I want to show that if I apply the Mergesort on a set $M$ with $n$ elements and divide $M$ in $2<b\le n$ parts instead of just $2$, that the I need $O(nlog_2 (b))$ time for the merging part. So far I went and said I have $n = b^k$ elements. So I have k iterations of merging.
My first question, when I am merging, do I merge $b$ subsets together or just two?

So I went with $b$ subsets:
In the first merging part I have $b^k (b-1) $ comparisons.
In the next one I habe $b^{k-1} (b^2-1) $ comparisons.
So in general there are at most $\sum_{i=0}^k b^{k-i} (b^{i+1}-1) $ comparisons.

Now I set $k = log_b(n)$, but I cant get anywhere from there..
Is there another way to approach this Problem?


P.S.: I hope my English is good enough to understand this.


1 Answer 1


If you use a priority queue for the merging phase, you never need to have more than $b$ elements in the queue. The insertion cost is therefore $O(\log b)$ for common implementations of priority queues.

The observation that leads to the use of a priority queue is simple. After the recursive calls, we have $b$ sorted lists. If we can efficiently keep track of the order of the $b$ elements at the fronts of those lists, we get to merge quickly. A priority queue can be used to store $b$ elements, each tagged with the list it comes from. The smallest element is extracted from the queue. Its tag tells us from which list to get another element. This new element is inserted in the queue.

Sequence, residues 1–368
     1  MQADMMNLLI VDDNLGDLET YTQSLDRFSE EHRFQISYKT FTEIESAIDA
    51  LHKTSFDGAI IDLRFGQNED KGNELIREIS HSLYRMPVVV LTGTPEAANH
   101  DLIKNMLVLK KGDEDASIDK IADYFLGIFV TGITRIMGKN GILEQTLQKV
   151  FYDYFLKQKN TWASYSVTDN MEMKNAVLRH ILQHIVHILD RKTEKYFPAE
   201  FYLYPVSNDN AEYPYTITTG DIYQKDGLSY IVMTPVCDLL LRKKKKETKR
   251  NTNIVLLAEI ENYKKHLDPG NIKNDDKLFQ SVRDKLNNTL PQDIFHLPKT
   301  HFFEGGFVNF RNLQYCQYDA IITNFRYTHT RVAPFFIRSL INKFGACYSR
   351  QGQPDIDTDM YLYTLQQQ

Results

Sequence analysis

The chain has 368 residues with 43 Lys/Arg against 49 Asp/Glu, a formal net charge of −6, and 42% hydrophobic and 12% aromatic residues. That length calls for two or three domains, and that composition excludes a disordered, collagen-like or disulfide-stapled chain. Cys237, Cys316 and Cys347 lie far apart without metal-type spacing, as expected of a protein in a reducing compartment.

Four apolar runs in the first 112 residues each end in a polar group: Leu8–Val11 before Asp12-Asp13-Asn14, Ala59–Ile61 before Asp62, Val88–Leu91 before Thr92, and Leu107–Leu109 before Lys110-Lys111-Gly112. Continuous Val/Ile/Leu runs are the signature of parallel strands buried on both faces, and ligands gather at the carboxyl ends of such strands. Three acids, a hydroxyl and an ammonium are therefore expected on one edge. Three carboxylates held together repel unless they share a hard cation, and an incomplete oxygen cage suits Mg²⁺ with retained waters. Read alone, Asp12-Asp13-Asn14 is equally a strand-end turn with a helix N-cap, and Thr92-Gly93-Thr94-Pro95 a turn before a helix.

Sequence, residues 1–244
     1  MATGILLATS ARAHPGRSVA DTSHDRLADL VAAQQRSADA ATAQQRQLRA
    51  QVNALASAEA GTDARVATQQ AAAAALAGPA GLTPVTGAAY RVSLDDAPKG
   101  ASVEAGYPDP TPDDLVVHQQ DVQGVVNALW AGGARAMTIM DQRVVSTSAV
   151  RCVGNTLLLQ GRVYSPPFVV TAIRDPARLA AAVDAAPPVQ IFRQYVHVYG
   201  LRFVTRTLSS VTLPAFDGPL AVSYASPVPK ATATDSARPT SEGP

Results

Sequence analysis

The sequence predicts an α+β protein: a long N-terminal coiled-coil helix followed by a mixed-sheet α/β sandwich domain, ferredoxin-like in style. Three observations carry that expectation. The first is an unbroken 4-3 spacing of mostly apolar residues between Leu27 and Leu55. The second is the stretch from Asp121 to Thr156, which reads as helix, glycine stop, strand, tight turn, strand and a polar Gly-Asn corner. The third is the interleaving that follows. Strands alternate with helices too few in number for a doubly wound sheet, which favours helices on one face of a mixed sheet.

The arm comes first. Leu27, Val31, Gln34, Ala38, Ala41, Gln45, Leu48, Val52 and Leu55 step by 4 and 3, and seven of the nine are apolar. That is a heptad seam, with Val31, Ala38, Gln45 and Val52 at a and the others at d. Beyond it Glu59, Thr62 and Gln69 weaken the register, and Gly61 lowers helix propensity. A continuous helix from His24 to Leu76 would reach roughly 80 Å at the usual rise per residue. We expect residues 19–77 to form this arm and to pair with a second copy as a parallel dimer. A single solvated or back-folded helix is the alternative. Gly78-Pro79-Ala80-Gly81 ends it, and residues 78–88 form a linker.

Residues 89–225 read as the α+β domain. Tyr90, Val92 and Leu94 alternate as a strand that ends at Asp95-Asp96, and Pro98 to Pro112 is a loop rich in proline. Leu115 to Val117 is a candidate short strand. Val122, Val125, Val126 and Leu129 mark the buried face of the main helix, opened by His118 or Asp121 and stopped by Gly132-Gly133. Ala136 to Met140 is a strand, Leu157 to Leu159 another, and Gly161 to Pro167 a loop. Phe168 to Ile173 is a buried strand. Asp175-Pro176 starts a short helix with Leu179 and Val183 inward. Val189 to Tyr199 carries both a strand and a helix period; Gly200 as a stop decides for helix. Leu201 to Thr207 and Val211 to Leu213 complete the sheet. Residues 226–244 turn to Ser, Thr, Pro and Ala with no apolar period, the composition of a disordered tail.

• $\begingroup$ I don't know what a priority queue is, but that is also not what I want to show. I want to show, that if you use the basic merging algorithm, that you need $O(nlog(b))$ time $\endgroup$
    – Chiray
    Commented Jan 8, 2017 at 17:04
  • $\begingroup$ What exactly is the "basic merging algorithm" for you? There are certainly ways to merge that cost more than $O(n \log b)$. If you do $b$ comparisons for each element you insert in the final sorted sequence, then obviously the cost of merging is $O(nb)$. $\endgroup$ Commented Jan 8, 2017 at 17:09
  • $\begingroup$ I compare the first elements of the subsets, and remove the lowest element. $\endgroup$
    – Chiray
    Commented Jan 8, 2017 at 17:16
  • $\begingroup$ I continue doing this til one subset is empty $\endgroup$
    – Chiray
    Commented Jan 8, 2017 at 17:19
  • $\begingroup$ Do you know that I mean? $\endgroup$
    – Chiray
    Commented Jan 8, 2017 at 17:19

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